You're cherry-picking two cases of worst-case scenarios, one of which wasn't even really a democracy.
The Soviet vs. Imperial Russia example was to show that the general argument applies across all forms of government.
1: There continue to be many attempts to disenfranchise voters in many states through various means. Statistically the number of attempts at voter fraud are non-existent compared to the number of people whose legal votes are denied, but it makes better show to pretend otherwise.
Most of those efforts are simply symptoms of our use of districts. A simple shift to a proportional representation system chosen across the entire polity would eliminate the most pernicious form which is gerrymandering.
In actuality, most of what is called efforts to disenfranchise are actually efforts to add integrity to the system such as voter ID laws. The idea that you should be allowed to wield any political power without being positively identified as a citizen eligible to wield it is utterly insane, but par for the course for certain types of ideologues (don't know if that applies to you personally)
2: The US tends to fail on both the systemic and systematic levels. As a society we're not providing enough support for the education system, and when it comes to elections allow ourselves to fall prey to the spectacle of network news soundbites and commercial advertising too easily, rather than really educating ourselves about the people and issues involved.
Funding is certainly not where we're failing. Many of the worst districts are funded with the same devil-may-care attitude toward how much we're spending that is used on the military at the national level. The problem is that our educational system is structurally flawed in ways that are politically impossible to fix. It's a problem of culture and political will to address the culture.
4 & 5: These two are rather tied up together, and contribute greatly to the issues with #3. A first past the goalposts election system almost inevitable leads to a two party system, in which the voters grudgingly and unenthusiastically vote for the (perceived) lesser of two evils and in which the winner feels only a vague sense of responsibility to those who elected them. (If you piss off your constituents what are they going to do? Vote for the greater evil instead of the lesser one? Not likely!)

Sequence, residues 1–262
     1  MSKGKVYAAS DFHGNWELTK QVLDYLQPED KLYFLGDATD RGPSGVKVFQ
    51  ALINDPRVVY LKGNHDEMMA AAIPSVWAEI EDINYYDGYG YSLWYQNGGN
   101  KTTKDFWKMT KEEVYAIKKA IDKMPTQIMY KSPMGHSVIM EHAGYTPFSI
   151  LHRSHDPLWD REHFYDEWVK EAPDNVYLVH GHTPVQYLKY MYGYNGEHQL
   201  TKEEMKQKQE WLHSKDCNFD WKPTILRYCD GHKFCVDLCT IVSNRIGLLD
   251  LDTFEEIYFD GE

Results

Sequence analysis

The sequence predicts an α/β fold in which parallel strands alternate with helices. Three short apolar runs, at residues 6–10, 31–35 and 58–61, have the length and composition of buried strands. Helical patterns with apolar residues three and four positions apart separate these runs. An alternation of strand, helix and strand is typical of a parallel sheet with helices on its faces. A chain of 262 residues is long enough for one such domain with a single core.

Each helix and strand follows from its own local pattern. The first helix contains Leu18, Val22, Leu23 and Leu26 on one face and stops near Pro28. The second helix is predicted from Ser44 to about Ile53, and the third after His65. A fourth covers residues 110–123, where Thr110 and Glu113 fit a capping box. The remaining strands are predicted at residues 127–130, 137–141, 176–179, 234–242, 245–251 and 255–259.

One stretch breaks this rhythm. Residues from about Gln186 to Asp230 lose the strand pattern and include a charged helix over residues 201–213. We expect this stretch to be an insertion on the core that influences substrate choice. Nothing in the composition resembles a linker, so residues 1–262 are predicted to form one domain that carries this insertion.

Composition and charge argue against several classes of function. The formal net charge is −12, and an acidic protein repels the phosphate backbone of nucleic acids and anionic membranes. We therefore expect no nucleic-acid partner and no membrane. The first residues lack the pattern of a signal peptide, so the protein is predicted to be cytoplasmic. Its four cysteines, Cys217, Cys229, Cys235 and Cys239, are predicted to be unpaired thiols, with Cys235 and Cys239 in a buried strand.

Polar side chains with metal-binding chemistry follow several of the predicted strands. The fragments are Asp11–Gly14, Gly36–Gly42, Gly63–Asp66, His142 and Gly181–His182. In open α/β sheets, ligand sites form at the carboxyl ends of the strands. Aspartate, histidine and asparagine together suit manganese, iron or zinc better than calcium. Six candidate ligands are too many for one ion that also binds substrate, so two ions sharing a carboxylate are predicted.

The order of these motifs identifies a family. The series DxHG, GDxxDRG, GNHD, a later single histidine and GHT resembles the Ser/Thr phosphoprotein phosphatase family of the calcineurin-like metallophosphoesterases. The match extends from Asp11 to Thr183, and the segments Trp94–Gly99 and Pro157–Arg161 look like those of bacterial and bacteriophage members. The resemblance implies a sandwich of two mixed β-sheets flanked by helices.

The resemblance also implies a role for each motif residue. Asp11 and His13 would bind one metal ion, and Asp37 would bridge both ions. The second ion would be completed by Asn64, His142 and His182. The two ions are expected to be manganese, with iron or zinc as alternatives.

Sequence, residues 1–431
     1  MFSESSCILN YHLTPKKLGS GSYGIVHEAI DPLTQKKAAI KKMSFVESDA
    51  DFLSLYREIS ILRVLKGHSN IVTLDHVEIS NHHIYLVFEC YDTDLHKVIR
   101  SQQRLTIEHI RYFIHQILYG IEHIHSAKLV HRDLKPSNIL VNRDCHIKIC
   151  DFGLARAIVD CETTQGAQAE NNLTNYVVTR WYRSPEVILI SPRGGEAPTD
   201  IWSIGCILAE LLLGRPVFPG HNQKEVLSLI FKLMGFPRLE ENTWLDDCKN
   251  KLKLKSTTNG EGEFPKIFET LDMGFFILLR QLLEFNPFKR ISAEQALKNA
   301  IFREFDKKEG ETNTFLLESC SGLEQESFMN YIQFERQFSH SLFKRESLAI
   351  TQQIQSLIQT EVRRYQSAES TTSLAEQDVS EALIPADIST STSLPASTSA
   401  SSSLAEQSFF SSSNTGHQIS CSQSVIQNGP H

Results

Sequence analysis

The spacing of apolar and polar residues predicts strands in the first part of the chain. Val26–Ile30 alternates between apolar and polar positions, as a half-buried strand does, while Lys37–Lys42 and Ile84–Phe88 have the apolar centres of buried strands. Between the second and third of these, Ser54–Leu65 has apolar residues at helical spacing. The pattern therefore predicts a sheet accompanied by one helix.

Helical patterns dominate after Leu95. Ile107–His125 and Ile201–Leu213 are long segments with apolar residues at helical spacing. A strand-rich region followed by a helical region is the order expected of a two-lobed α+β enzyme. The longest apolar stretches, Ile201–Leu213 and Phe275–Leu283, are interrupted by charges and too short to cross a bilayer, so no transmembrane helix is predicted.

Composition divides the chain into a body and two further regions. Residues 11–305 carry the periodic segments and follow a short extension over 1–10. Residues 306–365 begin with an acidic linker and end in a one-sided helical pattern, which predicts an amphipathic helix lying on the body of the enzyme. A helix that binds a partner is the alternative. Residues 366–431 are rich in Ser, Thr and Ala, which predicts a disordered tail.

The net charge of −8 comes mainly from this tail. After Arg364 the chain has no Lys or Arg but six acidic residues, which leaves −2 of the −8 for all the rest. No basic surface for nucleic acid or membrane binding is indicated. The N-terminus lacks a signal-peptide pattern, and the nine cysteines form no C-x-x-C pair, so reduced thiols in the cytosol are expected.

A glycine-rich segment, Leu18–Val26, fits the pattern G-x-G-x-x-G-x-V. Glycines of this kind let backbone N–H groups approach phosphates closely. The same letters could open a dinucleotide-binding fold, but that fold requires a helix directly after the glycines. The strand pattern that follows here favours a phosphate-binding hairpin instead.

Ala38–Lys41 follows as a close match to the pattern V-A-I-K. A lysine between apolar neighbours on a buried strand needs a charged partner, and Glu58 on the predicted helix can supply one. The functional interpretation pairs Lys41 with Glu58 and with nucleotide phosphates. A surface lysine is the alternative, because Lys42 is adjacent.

It also doesn't help the situation that politicians know that the majority of voters are low-information voters. Point #1 greatly exacerbates that. The easiest way for politicians to destroy the influence of the more informed voters is to drown them in a sea of low-information voters who are the sort of people that are congenitally more interested in their own immediate creature needs than the public weal.
Like it or not, most low information voters are not that way because there's an informed citizen waiting for an excuse to burst forth from them. They are simple people who have simple needs and expectations. A lot of them are even smart people. Some of the dumbest arguments I've had on politics were with badly informed people with high IQs.
Expanding to a more democratic system provides a great deal of cover for the political class because democracy feels like we have power, feels like "we chose this." If we had a monarchy like Imperial Germany, the King would have feared a violent revolution over some of the scandals that have come out in the last 20 years because the public couldn't just say "we'll vote the King out." Consequently, I think a less democratic system would have likely chosen a more moderate and accountable course of action because the lack of an illusion of control would have channeled the public outrage directly at them.